By Jon Margolis, VTDigger.org
(Editor’s note: Jon Margolis is VTDigger’s political columnist.)
The 2016 session of the Vermont General Assembly did not legalize or decriminalize marijuana.
It did not pull the state’s pension fund money out of coal or oil company stocks.
It did not establish a commission or an agency or even a part-time clerk to check into the ethical practices of public officials, including the lawmakers themselves.
So what did it do?
Quite a bit.
To begin with, it did the one thing it really has to do — pass a budget and the taxes and fees needed to pay for it — rather quickly and harmoniously. As always, some last-minute adjustments were required, so the final bills were not passed until late last week. But the basic work was finished more than a month ago, with some bipartisan support.
Passing the budget is no fun. It’s grunt work. Like the rest of what the 2016 Legislature accomplished, it was not “sexy,” as Rep. Shap Smith acknowledged on the last day of his last session as speaker of the House.
But the General Assembly is not supposed to be sexy. It’s not even supposed to be fun.
Or as one veteran lobbyist put it last week, “This isn’t entertainment; this is government.”
A distinction perhaps on its way to becoming an endangered species. In the country as a whole this presidential campaign year, the boundary between entertainment and politics has been obliterated. Can the boundary between entertainment and government survive much longer?
Old-fashioned or just stubborn, Vermont is something of an outlier here, for which Vermonters should perhaps be grateful. Their legislators are hardly averse to making a big splash. But they demonstrated that making a big splash wasn’t that big a deal, and that they’d rather spend their time dealing with the nitty-gritty of governing, even if that won’t get them on network TV, in The New York Times or on National Public Radio.
That’s no doubt where at least some lawmakers would have appeared had they decided to make Vermont the first state to legalize recreational marijuana by legislation (Colorado and Washington State did it by referendum).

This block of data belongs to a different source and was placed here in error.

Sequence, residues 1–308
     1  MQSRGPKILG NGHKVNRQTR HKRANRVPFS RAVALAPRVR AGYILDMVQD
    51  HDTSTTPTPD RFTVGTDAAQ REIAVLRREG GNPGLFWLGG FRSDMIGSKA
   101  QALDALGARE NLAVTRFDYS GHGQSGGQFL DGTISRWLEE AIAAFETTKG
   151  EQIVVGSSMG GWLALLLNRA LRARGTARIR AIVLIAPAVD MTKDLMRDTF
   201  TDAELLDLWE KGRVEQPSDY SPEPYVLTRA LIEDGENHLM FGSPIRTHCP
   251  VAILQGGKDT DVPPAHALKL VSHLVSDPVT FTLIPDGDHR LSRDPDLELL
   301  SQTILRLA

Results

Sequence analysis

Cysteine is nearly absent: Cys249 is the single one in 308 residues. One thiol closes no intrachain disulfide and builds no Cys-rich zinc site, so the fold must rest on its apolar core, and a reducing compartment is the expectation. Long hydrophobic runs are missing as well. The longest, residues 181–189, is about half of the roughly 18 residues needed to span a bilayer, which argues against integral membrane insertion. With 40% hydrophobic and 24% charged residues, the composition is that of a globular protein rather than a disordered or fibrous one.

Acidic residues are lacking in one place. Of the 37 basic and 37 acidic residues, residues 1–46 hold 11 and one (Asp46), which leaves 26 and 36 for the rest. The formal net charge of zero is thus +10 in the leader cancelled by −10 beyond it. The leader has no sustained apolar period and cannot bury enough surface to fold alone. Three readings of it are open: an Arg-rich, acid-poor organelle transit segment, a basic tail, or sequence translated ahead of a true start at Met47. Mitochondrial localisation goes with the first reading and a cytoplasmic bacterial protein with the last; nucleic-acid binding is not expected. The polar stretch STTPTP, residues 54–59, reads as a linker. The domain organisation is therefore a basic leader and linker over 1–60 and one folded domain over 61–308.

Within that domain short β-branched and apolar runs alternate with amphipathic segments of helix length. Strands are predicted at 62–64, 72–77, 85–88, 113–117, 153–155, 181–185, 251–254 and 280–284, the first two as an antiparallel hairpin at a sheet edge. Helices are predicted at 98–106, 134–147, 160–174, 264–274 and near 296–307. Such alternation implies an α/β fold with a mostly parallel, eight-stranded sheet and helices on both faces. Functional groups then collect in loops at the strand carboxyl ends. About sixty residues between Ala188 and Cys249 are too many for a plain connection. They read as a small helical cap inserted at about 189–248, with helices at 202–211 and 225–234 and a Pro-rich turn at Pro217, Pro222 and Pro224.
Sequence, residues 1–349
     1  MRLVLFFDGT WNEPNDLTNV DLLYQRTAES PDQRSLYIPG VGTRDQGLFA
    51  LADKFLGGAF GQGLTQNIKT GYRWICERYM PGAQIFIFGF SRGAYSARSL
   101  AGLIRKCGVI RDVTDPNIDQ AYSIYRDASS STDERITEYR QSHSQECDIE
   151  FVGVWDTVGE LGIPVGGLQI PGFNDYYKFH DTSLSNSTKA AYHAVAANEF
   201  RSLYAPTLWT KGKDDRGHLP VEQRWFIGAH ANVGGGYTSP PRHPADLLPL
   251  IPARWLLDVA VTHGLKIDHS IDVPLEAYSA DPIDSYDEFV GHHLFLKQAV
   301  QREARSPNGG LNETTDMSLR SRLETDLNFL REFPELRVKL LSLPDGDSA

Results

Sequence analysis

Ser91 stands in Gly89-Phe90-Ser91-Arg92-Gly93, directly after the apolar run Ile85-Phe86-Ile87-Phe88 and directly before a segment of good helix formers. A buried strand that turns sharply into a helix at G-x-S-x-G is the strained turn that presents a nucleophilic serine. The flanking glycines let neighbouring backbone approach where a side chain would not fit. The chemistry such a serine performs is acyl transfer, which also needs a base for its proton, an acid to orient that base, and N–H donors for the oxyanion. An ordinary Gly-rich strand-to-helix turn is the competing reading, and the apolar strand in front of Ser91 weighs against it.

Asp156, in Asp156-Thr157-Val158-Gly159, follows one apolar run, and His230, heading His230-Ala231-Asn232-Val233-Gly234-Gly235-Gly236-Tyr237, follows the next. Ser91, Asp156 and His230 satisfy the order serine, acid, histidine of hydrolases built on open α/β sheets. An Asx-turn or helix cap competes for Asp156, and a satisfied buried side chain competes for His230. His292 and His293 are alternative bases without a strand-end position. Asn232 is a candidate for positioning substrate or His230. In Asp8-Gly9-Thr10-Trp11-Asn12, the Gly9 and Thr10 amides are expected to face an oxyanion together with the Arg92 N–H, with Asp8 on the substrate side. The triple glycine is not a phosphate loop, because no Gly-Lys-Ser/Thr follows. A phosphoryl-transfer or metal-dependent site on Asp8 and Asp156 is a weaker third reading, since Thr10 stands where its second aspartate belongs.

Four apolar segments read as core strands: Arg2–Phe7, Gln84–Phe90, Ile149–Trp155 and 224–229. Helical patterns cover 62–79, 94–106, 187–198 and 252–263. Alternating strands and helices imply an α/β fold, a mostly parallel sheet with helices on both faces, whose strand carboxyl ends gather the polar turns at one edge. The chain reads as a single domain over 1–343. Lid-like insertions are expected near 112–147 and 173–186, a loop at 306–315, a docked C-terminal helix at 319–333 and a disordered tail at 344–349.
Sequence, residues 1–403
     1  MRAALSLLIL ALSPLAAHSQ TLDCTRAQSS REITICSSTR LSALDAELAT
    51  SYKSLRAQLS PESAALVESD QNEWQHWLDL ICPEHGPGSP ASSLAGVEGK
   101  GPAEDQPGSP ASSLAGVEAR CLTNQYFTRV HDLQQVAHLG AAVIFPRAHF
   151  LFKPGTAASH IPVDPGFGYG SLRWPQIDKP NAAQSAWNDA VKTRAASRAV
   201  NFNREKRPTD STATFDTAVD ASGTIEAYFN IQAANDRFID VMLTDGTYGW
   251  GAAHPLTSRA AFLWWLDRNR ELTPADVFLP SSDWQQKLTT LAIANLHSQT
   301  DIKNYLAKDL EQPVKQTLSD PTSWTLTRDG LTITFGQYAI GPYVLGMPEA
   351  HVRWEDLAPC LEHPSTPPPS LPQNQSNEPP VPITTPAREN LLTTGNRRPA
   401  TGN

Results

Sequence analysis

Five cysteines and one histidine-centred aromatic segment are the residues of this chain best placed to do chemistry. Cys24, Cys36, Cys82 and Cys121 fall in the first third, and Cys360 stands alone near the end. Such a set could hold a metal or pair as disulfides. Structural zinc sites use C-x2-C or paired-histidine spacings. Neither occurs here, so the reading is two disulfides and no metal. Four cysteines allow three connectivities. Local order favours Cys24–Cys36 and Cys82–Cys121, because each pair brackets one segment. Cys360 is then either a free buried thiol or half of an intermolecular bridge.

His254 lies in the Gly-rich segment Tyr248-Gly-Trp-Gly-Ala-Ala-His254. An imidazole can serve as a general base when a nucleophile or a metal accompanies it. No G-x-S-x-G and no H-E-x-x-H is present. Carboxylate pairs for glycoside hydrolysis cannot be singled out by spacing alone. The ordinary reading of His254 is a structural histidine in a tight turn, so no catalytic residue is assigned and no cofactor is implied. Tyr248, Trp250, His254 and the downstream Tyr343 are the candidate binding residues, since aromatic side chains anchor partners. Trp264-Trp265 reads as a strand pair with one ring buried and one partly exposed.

They will not get that kind of attention for passing a bill guaranteeing every employee in the state three days a year of paid time off when they get sick. Or a measure setting up a plan under which people who have lost their driving privileges because they can’t afford to pay old traffic tickets can recover those privileges at a discount. Or a law making it somewhat easier for ex-felons to get a job by prohibiting employers from asking about their criminal past at the start of the hiring process.
But a good case can be made that those new laws will have a greater and more vital impact on the people of the state than passage of any of those “sexy” bills would have had. Keeping marijuana illegal does annoy the many law-abiding Vermonters who think they ought to be able to enjoy their drug of choice as easily as those who prefer beer, wine or cocktails, which seem to do just as much harm to their users and to society as does cannabis.
But pot-puffing is a recreation, not a necessity. A job, for most people, including those just released from prison, is a necessity. Divesting from coal and oil stocks is a symbol. Symbols can be important, and perhaps this one qualifies. But not passing it will neither cost a low-wage convenience store clerk a day’s pay nor impel her to go to work while ill. By some counts, at least 30,000 Vermonters may not drive (though most of them probably do; how else could they get to work?) because they cannot afford to pay old traffic tickets. Giving them the chance to get their licenses back at a reasonable cost will do them far more good than would the creation of a commission to monitor the behavior of public officials.
Granted, there might be drawbacks to these measures. Almost every change includes a downside. Paid sick leave adds to the costs of businesses. “Banning the box” for criminal records on job applications might inconvenience employers, who retain the right to reject applicants who have been convicted of crimes. Motorists should obey traffic laws, and there are limits to how merciful a state ought to be.
But the legislators took all this into account. In fact, the bills were altered in committees in response to some of the objections. That’s the job lawmakers are supposed to do. They did it.
And more. They made it easier for Vermonters to register to vote. They funded the naloxone program for addicts overdosing on heroin. They limited prescription painkillers prescribed by hospitals. After much of what Germans would call sturm und drang, they passed a bill — perhaps too watered down to make much difference — giving localities more input on where big wind and solar energy projects should be located.
None of this is very entertaining, or “sexy,” by whatever standards those terms apply to legislation. The usual standards are: (1) There’s a connection to a nationwide controversy (marijuana, divestment); (2) The governor really wants it (both of those); and (3) The chattering classes — well-placed interest groups and their media allies — make a big deal of it (all three — marijuana, divestment, an ethics commission).
Establishing some kind of ethics monitoring entity also had the strong support of Secretary of State Jim Condos. But he couldn’t convince the lawmakers. In fact, he said, he couldn’t even convince them that there was a public ethics problem in Vermont that had to be addressed.
Perhaps that’s because — not counting Condos and an occasional editorial — the lawmakers have heard precious little public pressure on this matter. If the public is indifferent, legislators will respond accordingly.
Again, it seems like they did their jobs.
By Jon Margolis, VTDigger.org